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Maria Carmen lost her job in early March, and had to make some tough choices in order to survive with a two-year-old daughter and a one-bedroom apartment in Arlandria that costs $1,400 a month in rent. She’s been able to make ends meet and stay afloat during the hardest months of the pandemic by selling tamales, pupusas, empanadas and tacos.

At first, the 33-year-old Carmen sold the food along Mount Vernon Avenue. Now, customers line up outside her apartment complex every morning. She now makes about $300 worth of food every day and wants to open her own restaurant.

“Cooking food is my passion, and I love that people love my food,” Carmen told ALXnow. “It’s hard to make progress because, but I’m getting more organized. I’m working my way up.”

Carmen worked for a number of years as a cook at a nearby El Salvadoran grocery store until she was laid off. She said that her grandmother taught her how to cook in El Salvador, and that her restaurant would be named after her daughter, Cynthia.

One of her customers is Billy Lovo, who became her friend and helped her set up a GoFundMe page to start her own restaurant. The $10,000 goal is reasonable, said Logo, who is a server at a Mexican restaurant in D.C., said that Carmen’s food is good.

“I first met her on the street and she was selling taquitos,” Lovo said. “They were pretty good, and that’s when I saw her and her daughter, and I told myself, ‘Ok, you’ve got to take action.'”

Lovo added, “The way that she cooks the food is so good and people know about her all over the neighborhood.”

Staff photos by James Cullum

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Morning Notes

Sheriff Makes Statement on Death of George Floyd — “This event is a tragic reminder that we, as a law enforcement officers, must do more to hold each other to the high standard of conduct that is expected and demanded by those we serve. We cannot stand by and remain silent when unacceptable conduct by our peers occurs, no matter how minor or major it is.  We must be better for ourselves and our community as lives depend on it.” [City of Alexandria]

Beyer Says Trump Unfit for Office — “The President is inciting violence against the journalists who are showing everyone what is happening at significant personal risk, and against Americans broadly. Trump is unfit for office, and his divisive words make this situation more dangerous.” [Twitter]

ALIVE! Provides Food for 1,060 Families — “We sent 1060 families home with produce eggs and shelf stable groceries today because of your support!” [Facebook]

ACPS Hires Three Principals — “Today Alexandria City Public Schools announced the hiring of three new principals for the 2020-2021 school year. Dr. John McCain will be the new Head of School at Jefferson-Houston, Mr. Loren Brody will be the new principal at Charles Barrett, and Ms. Penny Hairston will be the new principal at Douglas MacArthur. Learn more about them by clicking the links in the comments below.” [Facebook]

DASH Distances from Wraps2Go After Owner Makes Racist Tweet — “We do not support any ideals that promote division, discrimination or racism. We can confirm that we have no ongoing projects with Wraps2Go and will not be doing business with them in the future.” [Facebook]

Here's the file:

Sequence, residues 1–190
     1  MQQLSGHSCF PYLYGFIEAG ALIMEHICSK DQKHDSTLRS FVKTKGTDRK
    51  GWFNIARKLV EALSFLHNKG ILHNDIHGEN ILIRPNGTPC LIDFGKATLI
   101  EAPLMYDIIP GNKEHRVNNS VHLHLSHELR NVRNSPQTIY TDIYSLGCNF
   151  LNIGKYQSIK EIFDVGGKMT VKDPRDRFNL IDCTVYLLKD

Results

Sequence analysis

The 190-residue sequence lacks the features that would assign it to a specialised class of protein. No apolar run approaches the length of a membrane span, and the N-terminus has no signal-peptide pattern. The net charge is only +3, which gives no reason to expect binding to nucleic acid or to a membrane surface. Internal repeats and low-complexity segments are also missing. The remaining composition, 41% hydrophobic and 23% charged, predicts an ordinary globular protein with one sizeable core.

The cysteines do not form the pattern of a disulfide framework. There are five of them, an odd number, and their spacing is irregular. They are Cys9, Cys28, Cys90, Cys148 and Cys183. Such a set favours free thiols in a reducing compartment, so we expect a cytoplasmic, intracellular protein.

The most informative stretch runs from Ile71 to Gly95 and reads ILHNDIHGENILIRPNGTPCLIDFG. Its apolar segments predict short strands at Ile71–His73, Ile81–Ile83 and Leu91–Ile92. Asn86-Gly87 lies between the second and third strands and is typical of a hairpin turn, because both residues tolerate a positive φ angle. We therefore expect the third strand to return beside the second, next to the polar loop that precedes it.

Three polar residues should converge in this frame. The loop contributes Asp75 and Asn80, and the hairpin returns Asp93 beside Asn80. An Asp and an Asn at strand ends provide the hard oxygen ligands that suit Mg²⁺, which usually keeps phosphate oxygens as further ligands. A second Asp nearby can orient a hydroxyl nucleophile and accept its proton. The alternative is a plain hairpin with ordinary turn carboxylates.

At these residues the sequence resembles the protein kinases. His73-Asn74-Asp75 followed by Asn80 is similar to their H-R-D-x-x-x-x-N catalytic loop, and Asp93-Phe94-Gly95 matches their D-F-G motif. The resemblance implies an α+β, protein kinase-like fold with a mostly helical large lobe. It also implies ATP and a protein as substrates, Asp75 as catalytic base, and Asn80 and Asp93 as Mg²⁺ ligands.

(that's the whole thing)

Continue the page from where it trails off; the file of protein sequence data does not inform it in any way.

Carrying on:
Fire Chief Congratulates New Firefighters — “Recruit School 50 officially completed their initial training and will begin reporting to their assigned stations tomorrow. Because their graduation ceremony has been postponed, Fire Chief Corey Smedley visited to take questions and give them words of encouragement.” [Facebook]

Tenants and Workers United Advises Arlandria Residents on Rent — “Today we were meeting carefully with more than 100 members of Presidential Greens and New Brookside to follow the next steps to get justice in their homes in their apartment complex in these times of crisis we are in.” [Facebook]

New Job: Part Time Concierge — ” The Concierge will be greeting potential residents, families, visitors, managing both external and internal calls, taking and communicating messages. The Concierge provides an overview of community information to those inquiries in support of the marketing and sales efforts.” [Indeed]

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Morning Notes

Alexandria Family Recovers From COVID-19 — “In early March, 18-year-old Ana Murphy came down with a sinus infection. But as her symptoms persisted, her parents, Gregg and Monica Murphy, both became ill. It was then that the family began to suspect that this was not a normal seasonal virus.” [Gazette]

Beyer Criticizes Maskless President Trump at Memorial Day Ceremony — “It’s true today and every day: the President should lead by example instead of ignoring health precautions designed to protect the public.” [Twitter]

Pork Barrel BBQ Drops Off 300 Meals at COVID-19 Testing Sites — “This afternoon we dropped off 300 meals at the Landmark & Cora Kelly COVID testing sites. One of our more memorable jobs that’s for sure. THANK YOU to all the emergency responders and volunteers administering tests today, we appreciate you!” [Facebook]

Inova COVID Hospital Fund Gets $100,000 Contribution — “Twig’s contribution to this fund helps Alexandria meet the escalating needs of COVID-19 patients by providing for additional staffing, personal protection equipment for our front line heroes, specialized equipment for the unique needs of COVID-19 patients, increased services for homebound families, and other resources to address the rapidly changing situation.” [Zebra]

Here’s How to Get Rental Assistance in Alexandria — “Applications received through Friday, May 29 will be reviewed as part of the first application cycle, with priority given to applicants in the Tier 1 income range. Applications received after May 29 will be reviewed on a rolling basis contingent on funding availability.” [Facebook]

Jason and Loren Yates Donate $12K in Face Masks to Local Groups — “The masks were sent to the volunteers in local service organizations including Senior Services of Alexandria delivering Meals on Wheels, ALIVE, Carpenter’s Shelter, Casa Chirilagua, and the Grace Episcopal Food Bank.” [Zebra]